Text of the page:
Before the Cimmerians, the ancestors of the Scythian peoples are represented, in the Bronze Age, by the cultures of the "frame tombs" (between Danube and Volga) and Andronovo (between Volga and Amou-Darya), genetically linked to the Neolithic complex and Chalcolithic "kourgans" that most archaeologists identify with Indo-European unity.
Their ethnogenesis is therefore linked to the steppes which will be their almost exclusive domain throughout Antiquity. It is important to underline this, because the terms "Iranians" or "Iranian speakers" can be a source of confusion: the linguistic family iranian goes far beyond the limits of present-day Iran, from which she is not a native.
The first known ethnonym in the steppes is that of the Cimmerians.
This name covers nomadic warrior populations in southern Ukraine and Crimea, and probably from the culture of "frame tombs". According to Herodotus, the Cimmerians were ousted by the Scythians who would have pursued them as far as Asia. In fact, Assyrian sources mention them at the beginning of the 7th century BC. AD as associates (vassals?) of the Scythians.
In some respects, the Cimmerians clearly prefigure the Scythians, to the point that after having long – and without proof – declared them to be of Thracian origin, the current tendency is to consider them as Iranians or at least as a population dominated by a layer Iranian. The fact that Cimmerians and Scythians seem to come from the same culture of “frame tombs”, the Iranian etymology of the names of Cimmerian kings proposed by V. Abaïev, indeed goes in this direction.
Some Russian archaeologists, however, maintain that the Cimmerians are not an ethnic reality, but a global designation given to different nomadic populations sharing the same way of life. These points of view are moreover not totally irreconcilable: we will see in the following periods the names of Scythians and Alans, initially designating Iranian-speaking ethnic formations, extending to different subjugated populations; Herodotus says this expressly about the Scythians, Ammian Marcellinus about the Alans.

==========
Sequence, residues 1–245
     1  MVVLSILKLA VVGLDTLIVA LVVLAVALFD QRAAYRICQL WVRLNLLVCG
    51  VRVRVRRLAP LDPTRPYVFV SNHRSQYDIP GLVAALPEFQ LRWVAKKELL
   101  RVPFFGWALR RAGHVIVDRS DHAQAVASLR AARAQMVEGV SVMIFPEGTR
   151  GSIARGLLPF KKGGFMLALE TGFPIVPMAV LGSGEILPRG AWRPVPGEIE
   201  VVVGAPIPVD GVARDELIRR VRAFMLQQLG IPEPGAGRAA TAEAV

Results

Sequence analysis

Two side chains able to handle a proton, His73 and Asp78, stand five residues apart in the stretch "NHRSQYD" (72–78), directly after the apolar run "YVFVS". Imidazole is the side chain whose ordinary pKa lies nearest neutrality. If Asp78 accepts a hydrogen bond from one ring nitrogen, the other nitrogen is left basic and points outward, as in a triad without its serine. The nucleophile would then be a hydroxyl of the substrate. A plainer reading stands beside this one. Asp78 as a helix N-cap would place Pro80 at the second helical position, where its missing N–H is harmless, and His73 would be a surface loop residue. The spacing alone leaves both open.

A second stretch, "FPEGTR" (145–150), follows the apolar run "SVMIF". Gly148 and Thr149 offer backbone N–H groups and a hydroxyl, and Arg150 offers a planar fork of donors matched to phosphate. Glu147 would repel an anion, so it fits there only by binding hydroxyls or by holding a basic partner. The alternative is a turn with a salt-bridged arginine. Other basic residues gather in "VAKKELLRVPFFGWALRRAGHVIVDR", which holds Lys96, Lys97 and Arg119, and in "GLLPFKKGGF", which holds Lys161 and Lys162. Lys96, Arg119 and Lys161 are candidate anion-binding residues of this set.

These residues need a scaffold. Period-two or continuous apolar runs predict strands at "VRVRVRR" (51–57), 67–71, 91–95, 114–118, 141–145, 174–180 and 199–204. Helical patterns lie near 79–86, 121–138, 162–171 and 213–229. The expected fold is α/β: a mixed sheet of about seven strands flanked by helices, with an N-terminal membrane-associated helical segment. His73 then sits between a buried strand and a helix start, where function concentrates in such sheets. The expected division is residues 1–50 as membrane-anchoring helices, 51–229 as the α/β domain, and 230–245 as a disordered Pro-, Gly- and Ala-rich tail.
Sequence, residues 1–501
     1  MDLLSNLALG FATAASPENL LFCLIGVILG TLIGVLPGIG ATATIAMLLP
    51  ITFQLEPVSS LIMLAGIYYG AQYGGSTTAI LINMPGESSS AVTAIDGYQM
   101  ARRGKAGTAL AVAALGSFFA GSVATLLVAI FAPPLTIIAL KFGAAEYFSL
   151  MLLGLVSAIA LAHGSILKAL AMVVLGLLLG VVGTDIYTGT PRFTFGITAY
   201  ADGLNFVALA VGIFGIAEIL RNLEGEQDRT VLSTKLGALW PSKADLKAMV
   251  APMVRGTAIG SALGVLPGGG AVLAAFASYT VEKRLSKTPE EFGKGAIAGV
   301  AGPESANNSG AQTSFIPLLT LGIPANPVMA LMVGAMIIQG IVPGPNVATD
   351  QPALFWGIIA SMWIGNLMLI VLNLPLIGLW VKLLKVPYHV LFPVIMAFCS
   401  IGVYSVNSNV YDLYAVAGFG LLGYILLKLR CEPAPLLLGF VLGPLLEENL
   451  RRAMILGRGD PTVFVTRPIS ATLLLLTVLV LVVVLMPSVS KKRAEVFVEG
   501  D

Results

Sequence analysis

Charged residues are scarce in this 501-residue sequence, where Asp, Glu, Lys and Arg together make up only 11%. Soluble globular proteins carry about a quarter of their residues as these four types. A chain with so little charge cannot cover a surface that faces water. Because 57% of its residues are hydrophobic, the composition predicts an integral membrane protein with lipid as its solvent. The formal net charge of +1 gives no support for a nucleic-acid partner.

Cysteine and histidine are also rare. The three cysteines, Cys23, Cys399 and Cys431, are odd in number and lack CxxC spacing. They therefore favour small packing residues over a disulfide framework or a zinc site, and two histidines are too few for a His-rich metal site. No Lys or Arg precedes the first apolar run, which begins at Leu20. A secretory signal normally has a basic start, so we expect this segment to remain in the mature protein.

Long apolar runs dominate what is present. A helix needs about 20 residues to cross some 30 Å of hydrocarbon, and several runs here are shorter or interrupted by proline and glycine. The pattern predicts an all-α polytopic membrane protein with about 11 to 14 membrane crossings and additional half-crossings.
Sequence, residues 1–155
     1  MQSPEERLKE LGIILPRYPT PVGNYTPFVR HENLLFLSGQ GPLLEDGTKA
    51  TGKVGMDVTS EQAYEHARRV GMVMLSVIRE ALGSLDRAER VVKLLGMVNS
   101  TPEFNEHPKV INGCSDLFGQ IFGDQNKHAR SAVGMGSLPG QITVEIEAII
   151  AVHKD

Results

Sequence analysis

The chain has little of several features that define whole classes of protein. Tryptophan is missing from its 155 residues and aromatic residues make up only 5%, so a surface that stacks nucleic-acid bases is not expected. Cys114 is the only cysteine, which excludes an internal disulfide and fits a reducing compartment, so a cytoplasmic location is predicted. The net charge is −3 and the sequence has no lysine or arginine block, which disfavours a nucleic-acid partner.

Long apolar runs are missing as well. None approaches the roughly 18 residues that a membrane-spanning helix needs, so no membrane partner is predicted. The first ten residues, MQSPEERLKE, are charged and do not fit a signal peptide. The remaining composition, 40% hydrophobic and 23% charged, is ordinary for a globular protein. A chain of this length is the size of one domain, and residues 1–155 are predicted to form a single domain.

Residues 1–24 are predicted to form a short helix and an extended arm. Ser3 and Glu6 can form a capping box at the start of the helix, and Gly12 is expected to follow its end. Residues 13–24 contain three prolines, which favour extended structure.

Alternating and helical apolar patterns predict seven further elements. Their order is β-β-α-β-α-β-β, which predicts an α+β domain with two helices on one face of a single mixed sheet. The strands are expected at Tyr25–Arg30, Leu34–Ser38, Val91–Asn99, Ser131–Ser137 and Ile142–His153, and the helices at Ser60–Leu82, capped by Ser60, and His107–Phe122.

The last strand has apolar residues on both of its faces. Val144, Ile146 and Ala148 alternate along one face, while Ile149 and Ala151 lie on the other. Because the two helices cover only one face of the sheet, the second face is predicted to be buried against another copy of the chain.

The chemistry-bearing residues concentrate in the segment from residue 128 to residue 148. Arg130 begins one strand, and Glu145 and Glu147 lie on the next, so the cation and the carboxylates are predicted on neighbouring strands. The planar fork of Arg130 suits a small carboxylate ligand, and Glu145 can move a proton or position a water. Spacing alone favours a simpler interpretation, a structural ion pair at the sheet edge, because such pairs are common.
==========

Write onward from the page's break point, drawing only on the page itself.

There are close links between the remains attributed to the Cimmerians in Ukraine and the Caucasian culture of Koban (11th-4th centuries BC, “classical” period in the 11th-7th centuries). The weapons, for example, have striking similarities. It is very unlikely that the "Kobanians" were Cimmerians; rather, they are an indigenous ethnic group with a Protocaucasian language.
But we have here a significant testimony of cultural contacts between the Pontic steppes and the Caucasus. It is interesting to point out, on the one hand, that the memory of the Cimmerians has been preserved in the Caucasus (Georgian gmiri "hero", Ossetian gwymiry, gumeri "legendary giant"), on the other hand that the "Kobanians" played a role of ethnic substrate within the Iranian-speaking populations who succeeded them, including the Alans.
In fact, if this civilization is designated by the name of a village ofOssetia, it covers a large part of the future Alania between the courses of the Kuban and Terek rivers, and also the territory of South Ossetia (site of Tli). Throughout this area, there are high quality bronze and then iron objects.
The most characteristic are weapons (daggers, and perhaps emblematic or parade axes), jewelry, plaques and belt buckles. Many wear decorations based on geometric and especially animal motifs, in a style very different from the animal art of the steppes. Also found in Tli was a metal belt originating from the land of Urartu (Armenia): spoils revealing military expeditions to Transcaucasia, or product of trade or barter?
Koban's art features many subjects of mythological appearance. Their key to interpretation has been lost, but it is likely that the religious representations of the "Kobanians" passed in part into the mythology of their Iranian conquerors and into those of the various North Caucasian peoples.